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Seale, Yoon Debate; Voting Begins Monday

By Jennifer DeBoer

STAFF REPORTER

The two tickets for Undergraduate Association President and Vice President debated Tuesday, highlighting the week of campaigning leading up to the start of elections this coming Monday.

Both pairs of candidates stressed the importance of the UA in the student body, while trying to convince the audience they would improve on what the candidates saw as shortcomings in this year’s administration.

Presidential candidate Jennifer S. Yoon ’03, running with Miquela C. Vigil ’03, cited “not bringing the community together” as a failure of the UA this year.

“I think that more events ... would benefit the student population as a whole,” Yoon said.

Josiah D. Seale ’03, who is running with Parul Deora ’04, saw poor communication as one of the UA’s major failures.

“How many students know who the UA representative is in their dorm?” Seale asked.

Seale, the current co-chair of the UA Committee on Student Life, also pointed to the current composition of the organization as one of its problems, arguing the body “does not attract talented, hardworking people” which he said “decreases the organization’s credibility.”

Rush, crowding policies debated

Changes to rush and the role of graduate housing in relieving undergraduate crowding were among the topics addressed at the debate.

Both presidential candidates argued that attention should be given to fraternities in trying to solve housing problems.

“I think that our crowding problem could be solved with more funding to our fraternities,” Seale said.

Yoon vowed to “give the IFC more support in trying to recruit new pledges.”

The hotly contested issue of crowding also brought up the problem of graduate housing and MIT’s plans to use some graduate beds to address an expected severe undergraduate housing shortage this fall.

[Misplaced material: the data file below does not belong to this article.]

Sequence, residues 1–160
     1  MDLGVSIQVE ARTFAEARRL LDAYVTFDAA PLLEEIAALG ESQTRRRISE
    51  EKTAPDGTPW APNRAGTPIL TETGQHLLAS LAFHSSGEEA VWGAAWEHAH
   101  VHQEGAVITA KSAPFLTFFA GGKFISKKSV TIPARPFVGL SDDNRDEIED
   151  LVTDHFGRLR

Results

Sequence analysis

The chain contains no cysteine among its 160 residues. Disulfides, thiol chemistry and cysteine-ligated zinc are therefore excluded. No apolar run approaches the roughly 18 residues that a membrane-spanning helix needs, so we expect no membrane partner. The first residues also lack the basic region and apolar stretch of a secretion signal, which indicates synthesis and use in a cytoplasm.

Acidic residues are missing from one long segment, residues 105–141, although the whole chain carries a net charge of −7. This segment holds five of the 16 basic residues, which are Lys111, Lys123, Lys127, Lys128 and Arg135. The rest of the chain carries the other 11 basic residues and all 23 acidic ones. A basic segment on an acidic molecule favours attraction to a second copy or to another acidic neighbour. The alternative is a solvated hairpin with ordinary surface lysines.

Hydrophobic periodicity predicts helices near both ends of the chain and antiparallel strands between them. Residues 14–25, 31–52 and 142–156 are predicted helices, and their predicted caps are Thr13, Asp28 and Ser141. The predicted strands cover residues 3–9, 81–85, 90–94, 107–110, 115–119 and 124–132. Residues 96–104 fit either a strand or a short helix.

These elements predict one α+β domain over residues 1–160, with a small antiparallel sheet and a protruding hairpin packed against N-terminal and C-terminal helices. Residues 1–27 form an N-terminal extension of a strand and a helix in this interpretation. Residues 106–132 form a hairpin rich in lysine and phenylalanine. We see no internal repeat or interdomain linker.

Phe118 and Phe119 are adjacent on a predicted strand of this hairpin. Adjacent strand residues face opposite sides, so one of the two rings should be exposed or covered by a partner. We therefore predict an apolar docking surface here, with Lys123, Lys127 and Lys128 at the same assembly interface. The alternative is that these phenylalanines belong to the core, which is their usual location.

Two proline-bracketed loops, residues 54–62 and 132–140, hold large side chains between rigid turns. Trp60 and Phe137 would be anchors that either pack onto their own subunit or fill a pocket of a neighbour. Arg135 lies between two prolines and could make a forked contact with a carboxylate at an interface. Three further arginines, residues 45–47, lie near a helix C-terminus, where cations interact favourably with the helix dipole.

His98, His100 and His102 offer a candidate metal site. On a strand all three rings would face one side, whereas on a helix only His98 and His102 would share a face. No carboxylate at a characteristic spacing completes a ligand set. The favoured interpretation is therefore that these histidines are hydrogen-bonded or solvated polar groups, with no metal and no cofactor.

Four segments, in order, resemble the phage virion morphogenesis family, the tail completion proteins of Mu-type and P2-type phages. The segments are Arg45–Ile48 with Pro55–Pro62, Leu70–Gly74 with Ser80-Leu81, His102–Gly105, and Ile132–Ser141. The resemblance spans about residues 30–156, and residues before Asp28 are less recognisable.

Seale acknowledged that though graduate students recognize housing undergraduates is a priority, he believes “graduate students are definitely a very close second priority.”

Yoon agreed with the importance of undergraduate housing.

“I think the primary objective is that all undergraduates are housed. I know that that puts a strain on graduate students,” Yoon said.

Activities fee a key issue

The teams of candidates expressed divergent views on the use of the new $200 fee incorporated into the tuition increase, part of which will cover operating costs for the new Zesiger Sports and Fitness Center.

Yoon, who is on the committee discussing the allocation of the fee, said “the student activity fee is actually a misnomer.” Yoon said the expenditure is just a part of the new tuition increase.

Vigil said she hoped to “increase funding for social events” with the monies available from the fee.

Seale argued that “as students we should not be paying for administration [of the Zesiger Center].”

“We’re taking money from the students, supposedly for the students -- it should be allocated by the students,” Seale said.

Tickets highlight other priorities

Yoon and Vigil said that student/faculty relations would be another priority of their administration.

“We need to improve faculty advising and student faculty relationships in general,” Vigil said.

Additionally, Yoon and Vigil emphasized the variety of academic opportunities at MIT, with Vigil saying it is the responsibility of the UA “to make sure the undergraduates take advantage of those opportunities.”

Seale and Deora stressed their plan to improve confidential medical transport and their hopes to reform the current alcohol policy.

“MIT does not have an alcohol problem,” Seale said. “MIT has an image problem.”

Deora added she “would want to become more involved in student issues,” if elected as vice-president.

Voting starts Monday at midnight

Electronic balloting for UA President and Vice-President, as well as class council positions, will take place Monday through Thursday. Undergraduates who do not vote electronically may cast a paper ballot one week from today.